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Acta Microbiol Immunol Hung. 2013 Dec;60(4):379-96. doi: 10.1556/AMicr.60.2013.4.1.

Varicella-zoster virus vaccine, successes and difficulties.

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Division of Virology National Center for Epidemiology Albert Flórián utca 2-6 H-1097 Budapest Hungary.


Despite intensive efforts in recent decades to develop preventive or therapeutic vaccines against diseases caused by herpes simplex virus (HSV), or varicella-zoster virus (VZV), members of the Alpha herpes virinae subfamily of human herpes viruses,a safe and efficient vaccine has been approved for commercial development only against VZV. The VZV vaccine contains a live attenuated strain, OKA. It consists of amixture of at least 13 subpopulations of viruses, all with deletions, insertions or mutations in the genome; the most common mutations are observed in the open reading frame 62 (ORF62). Experience over more than 30 years in Japan, the USA and other countries where VZV vaccination is provided has demonstrated that the vaccine is safe and the effectiveness of two doses compared to unvaccinated children is 98-99%. When administered in a higher dose to stimulate the declining cell-mediated immunity, the same vaccine has been shown to reduce the incidence and severity of herpes zoster in immunocompetent individuals older than 60 years. Vaccination of immuno-compromised subjects with this VZV vaccine is problematic and various strategies need to be explored. Differences in the pathomechanisms of infection, latency and immune evasion of VZV and HSV, together with host genetic factors, may explain the availability of the successful VZV vaccine and the failures of the past HSV vaccine candidates.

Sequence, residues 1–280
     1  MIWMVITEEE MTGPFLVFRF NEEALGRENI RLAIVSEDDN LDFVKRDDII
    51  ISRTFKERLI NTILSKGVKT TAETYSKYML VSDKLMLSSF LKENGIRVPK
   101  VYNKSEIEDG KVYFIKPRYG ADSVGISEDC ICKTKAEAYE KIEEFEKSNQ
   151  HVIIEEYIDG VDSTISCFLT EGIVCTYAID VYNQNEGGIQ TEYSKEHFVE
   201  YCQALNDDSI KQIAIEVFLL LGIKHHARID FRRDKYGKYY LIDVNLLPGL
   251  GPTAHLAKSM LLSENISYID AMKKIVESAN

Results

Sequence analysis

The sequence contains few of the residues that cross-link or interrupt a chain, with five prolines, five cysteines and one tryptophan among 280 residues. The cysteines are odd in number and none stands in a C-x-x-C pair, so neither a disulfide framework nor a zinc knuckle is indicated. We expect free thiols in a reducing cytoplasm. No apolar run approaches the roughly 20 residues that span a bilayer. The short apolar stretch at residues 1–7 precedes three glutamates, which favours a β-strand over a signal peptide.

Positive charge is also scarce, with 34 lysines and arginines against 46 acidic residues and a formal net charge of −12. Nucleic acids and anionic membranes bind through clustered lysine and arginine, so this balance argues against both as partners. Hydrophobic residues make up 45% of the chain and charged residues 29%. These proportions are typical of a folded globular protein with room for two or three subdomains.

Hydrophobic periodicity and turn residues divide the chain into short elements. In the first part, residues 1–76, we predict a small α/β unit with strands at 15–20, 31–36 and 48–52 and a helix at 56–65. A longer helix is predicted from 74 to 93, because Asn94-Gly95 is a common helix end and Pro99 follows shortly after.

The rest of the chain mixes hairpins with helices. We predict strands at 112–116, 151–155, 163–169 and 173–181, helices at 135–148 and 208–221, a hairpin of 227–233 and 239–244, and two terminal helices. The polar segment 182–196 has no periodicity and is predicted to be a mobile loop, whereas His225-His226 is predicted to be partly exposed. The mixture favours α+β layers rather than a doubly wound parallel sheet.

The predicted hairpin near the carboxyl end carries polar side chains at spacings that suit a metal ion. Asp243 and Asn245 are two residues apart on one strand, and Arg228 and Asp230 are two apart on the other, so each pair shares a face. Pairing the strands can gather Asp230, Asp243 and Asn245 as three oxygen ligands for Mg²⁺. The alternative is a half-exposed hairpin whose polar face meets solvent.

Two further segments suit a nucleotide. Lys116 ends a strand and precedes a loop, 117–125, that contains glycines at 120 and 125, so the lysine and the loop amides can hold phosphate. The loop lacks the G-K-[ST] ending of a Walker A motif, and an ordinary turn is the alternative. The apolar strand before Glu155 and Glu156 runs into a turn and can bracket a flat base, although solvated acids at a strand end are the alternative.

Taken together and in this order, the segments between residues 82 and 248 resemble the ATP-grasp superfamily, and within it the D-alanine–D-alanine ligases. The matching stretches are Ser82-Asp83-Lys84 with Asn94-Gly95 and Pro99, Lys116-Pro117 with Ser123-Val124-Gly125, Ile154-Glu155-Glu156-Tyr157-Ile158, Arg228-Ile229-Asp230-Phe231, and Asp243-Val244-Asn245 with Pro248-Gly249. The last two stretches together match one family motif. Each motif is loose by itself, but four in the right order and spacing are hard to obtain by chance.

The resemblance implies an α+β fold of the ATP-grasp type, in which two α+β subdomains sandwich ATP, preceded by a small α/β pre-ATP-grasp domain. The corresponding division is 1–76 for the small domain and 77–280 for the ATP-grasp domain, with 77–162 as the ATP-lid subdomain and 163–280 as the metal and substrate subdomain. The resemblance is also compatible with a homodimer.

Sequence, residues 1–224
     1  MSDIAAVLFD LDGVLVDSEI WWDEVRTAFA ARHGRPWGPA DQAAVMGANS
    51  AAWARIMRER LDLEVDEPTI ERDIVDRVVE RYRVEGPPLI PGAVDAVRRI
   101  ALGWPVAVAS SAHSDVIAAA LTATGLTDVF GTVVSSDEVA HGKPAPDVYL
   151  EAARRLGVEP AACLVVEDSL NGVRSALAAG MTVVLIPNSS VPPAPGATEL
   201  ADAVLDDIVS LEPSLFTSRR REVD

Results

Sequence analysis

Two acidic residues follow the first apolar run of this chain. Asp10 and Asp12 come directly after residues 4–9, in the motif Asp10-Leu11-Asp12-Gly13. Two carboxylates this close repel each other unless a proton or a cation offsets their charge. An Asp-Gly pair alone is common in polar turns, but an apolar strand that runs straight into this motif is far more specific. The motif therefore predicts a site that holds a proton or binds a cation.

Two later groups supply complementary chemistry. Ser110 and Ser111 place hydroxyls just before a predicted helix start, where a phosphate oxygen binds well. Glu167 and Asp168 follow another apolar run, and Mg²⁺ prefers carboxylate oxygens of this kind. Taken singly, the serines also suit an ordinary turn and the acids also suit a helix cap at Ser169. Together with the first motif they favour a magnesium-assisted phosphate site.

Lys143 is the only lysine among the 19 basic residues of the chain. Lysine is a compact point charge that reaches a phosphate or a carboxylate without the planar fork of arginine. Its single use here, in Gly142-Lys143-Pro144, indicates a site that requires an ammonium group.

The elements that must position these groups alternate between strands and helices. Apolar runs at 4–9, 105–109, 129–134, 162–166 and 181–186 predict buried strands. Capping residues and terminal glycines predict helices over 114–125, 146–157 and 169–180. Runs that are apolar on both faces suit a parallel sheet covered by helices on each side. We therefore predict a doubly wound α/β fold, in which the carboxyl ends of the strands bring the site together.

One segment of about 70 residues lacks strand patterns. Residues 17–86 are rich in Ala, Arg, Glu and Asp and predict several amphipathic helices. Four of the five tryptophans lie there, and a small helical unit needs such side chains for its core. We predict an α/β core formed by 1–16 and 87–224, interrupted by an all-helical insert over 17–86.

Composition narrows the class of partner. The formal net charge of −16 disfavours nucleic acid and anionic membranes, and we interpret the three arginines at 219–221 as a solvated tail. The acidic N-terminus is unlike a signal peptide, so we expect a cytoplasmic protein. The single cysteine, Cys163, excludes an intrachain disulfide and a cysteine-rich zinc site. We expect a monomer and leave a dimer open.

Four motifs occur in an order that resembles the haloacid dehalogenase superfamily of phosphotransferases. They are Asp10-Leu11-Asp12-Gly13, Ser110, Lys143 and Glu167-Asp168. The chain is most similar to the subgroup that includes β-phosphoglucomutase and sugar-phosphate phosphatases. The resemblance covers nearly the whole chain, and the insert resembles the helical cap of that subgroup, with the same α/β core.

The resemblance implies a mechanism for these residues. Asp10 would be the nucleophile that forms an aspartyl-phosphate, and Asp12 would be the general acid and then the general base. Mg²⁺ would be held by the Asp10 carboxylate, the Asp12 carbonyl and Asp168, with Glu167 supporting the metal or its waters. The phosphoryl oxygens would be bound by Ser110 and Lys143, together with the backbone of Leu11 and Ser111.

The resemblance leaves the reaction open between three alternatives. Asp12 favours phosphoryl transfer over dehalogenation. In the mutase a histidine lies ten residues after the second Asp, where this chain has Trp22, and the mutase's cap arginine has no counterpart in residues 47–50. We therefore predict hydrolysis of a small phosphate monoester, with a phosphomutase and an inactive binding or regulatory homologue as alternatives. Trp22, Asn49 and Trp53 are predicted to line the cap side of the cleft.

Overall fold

HSV; VZV; immune evasion; immunocompromised subjects; vaccination

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